My siblings and I and our children gathered by her side over the course of three months. We respected her sense of her own life and her own death.  She had trained us well in this way.  We wanted to hold onto her with all that we had:  Her wonderful laugh, her titanic power, her tiny frame.  The way she cleared her throat, her soft hands, her delight in savoring morning coffee and the newspaper, and dearest of all gifts, the way she took us all in with her eyes and heart.  My mother was the center of our family.  No question, ever.

She had a gentle death.

And of course, it was a precious piece of us all that passed with her into death and resurrection life.

No more are we children of a living parent.  There is no grandma to mend and fuss and offer correction.  There are no bran muffins and no one standing by the window to mark our comings and goings.  I cannot pick up the phone to share with her a sunrise or a heart break.

But oh, the ways she lives and the ways we each live are forever more the fruit of her being.  When we gather together, she is in our midst.  When I pray for courage or strength, she is one of the guardians I feel amplifying my prayer.  I catch glimpses of her in my mirror and I see her in the creping of my hands.

I walk these days in grief and in wonder.  How is it God sparked me into the womb of my mother?  How is it we raised each other?  How is it I learned so much and chafed so much and wrangled so much and was blessed with so much through being my mother’s daughter?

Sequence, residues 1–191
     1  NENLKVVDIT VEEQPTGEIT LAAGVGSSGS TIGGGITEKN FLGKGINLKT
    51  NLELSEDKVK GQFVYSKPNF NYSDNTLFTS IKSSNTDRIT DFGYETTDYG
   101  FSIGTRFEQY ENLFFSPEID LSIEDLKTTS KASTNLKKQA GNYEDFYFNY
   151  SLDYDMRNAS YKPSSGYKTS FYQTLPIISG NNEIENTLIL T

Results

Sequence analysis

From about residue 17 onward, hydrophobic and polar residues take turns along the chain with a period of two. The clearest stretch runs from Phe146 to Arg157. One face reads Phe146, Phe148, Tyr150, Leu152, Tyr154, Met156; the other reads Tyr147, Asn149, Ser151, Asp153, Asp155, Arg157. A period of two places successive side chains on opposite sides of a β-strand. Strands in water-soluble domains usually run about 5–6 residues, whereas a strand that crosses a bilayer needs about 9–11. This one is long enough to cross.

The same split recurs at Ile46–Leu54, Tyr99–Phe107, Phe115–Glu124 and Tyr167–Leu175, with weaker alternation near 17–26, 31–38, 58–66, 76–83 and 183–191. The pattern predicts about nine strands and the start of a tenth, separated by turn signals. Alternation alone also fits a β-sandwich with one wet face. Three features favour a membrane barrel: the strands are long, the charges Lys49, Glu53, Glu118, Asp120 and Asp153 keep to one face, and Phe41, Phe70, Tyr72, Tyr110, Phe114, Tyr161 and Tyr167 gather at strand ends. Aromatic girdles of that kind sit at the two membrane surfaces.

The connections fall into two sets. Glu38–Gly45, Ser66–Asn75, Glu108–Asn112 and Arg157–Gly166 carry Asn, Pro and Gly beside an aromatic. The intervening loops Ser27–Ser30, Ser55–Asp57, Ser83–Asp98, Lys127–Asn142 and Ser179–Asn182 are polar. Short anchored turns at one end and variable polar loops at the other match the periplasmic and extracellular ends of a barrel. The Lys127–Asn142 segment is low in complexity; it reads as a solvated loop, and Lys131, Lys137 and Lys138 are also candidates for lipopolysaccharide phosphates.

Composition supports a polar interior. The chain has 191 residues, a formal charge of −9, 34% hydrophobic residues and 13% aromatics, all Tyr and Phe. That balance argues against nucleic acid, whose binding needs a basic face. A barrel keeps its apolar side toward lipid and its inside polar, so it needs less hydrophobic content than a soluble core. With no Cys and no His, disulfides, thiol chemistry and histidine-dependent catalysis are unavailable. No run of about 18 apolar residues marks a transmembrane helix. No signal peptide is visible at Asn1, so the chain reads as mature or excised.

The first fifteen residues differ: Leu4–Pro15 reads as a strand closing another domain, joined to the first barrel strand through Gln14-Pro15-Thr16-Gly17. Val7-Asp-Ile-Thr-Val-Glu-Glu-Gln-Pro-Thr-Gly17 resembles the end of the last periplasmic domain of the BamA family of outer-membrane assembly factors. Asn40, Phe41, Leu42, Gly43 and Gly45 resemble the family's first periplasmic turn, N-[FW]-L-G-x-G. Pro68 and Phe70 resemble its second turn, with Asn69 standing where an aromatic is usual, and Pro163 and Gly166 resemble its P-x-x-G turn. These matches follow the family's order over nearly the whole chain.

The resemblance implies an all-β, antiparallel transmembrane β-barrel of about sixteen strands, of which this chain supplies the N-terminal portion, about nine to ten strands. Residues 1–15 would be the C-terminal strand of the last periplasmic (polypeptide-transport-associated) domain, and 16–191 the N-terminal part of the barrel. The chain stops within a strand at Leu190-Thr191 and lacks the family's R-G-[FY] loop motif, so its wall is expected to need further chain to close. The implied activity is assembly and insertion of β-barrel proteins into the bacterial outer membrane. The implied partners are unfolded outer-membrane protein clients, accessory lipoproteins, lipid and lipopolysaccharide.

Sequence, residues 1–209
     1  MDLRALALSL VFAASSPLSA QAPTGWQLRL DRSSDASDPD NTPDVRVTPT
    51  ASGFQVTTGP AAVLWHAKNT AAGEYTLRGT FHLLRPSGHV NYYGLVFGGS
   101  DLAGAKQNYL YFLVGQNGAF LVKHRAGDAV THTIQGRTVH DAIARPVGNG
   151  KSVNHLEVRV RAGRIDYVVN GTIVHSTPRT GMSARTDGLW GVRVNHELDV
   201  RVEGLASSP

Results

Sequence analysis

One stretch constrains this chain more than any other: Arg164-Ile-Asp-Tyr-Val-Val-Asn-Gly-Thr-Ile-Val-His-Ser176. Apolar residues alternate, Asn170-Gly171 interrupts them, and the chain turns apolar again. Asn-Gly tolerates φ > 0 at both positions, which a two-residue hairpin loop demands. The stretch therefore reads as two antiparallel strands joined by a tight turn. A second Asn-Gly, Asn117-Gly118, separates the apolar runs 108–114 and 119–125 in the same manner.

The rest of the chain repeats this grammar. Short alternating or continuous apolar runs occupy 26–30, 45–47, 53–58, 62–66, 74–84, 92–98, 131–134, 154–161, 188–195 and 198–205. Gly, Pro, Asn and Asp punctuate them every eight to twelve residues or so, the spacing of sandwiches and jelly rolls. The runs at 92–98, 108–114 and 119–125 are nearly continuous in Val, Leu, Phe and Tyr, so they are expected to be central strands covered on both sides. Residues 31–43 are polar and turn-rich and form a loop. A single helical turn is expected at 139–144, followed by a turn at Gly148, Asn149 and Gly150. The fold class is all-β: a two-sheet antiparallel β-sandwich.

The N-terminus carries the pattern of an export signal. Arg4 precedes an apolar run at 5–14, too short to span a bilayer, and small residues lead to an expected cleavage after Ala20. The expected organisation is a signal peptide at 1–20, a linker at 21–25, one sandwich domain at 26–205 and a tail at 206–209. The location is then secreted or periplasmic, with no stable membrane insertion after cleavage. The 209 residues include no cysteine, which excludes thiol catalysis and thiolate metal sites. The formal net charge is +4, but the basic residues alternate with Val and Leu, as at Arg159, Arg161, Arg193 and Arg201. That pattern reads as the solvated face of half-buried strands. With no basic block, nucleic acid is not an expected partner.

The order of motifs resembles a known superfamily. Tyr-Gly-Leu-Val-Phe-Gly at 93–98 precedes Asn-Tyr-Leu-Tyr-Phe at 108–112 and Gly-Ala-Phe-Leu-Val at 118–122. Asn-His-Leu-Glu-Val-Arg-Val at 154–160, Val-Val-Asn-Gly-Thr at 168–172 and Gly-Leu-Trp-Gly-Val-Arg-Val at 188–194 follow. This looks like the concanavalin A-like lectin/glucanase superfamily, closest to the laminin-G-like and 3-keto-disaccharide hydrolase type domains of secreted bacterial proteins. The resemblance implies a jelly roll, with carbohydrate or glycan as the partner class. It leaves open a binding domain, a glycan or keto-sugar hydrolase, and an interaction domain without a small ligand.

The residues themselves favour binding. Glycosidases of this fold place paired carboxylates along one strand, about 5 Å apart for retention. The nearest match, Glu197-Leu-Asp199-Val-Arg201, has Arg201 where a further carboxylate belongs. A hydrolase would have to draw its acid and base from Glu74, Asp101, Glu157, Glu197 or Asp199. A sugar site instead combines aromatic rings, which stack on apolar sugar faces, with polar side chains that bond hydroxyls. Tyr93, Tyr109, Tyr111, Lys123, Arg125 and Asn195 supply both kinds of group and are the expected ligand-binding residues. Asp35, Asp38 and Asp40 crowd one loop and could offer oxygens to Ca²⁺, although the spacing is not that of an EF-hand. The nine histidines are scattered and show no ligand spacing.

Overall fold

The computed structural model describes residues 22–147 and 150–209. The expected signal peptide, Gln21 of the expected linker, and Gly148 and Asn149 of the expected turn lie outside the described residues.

I encountered the living Christ in the company of the woman who gave me life.

May God continue to bless and keep you, Barbara Jane.

We miss you so.





…Then he said to them all, “If any want to become my followers, let them deny themselves and take up their cross daily and follow me.”

Jesus, Luke 9:23

Day by day we make choices.  We discern how it is our words, our actions and our thoughts are cross worthy.  On an individual basis, this makes for daily discernment.  As a people who are citizens of a larger world, our decision to take up the cross of Jesus the Christ matters; it matters greatly.

This is a challenging time to approach a pulpit, brothers and sisters.  I want to share a bit about that.

The UM church teaches that the world is our parish.  John Wesley and United Methodists who followed espouse a faith that is individual and communal.  There is no such thing as a private faith.  Wesley taught that the cross of Jesus must be taken up by the people of Jesus as we together work for the teachings of Jesus to be made tangible here, in this world and in this life.  There is no holiness but social holiness.

Jesus, good Jew that he was, echoes the teachings of the prophet Micah.  It turns out the Lord requires of us that we do justice, love kindness, and walk humbly with our God.  (Micah 6: 8)

Scripture is full of teachings about how it is we are to care for the poor, the immigrant and the refugee.  Scripture is full of admonitions for a people who forget that God’s vision for full life is not found in our own individual comfort.  God’s vision for fullness of life is lived when we do justice, love kindness, and walk humbly knowing that God is the ethical and foundational ground of our being.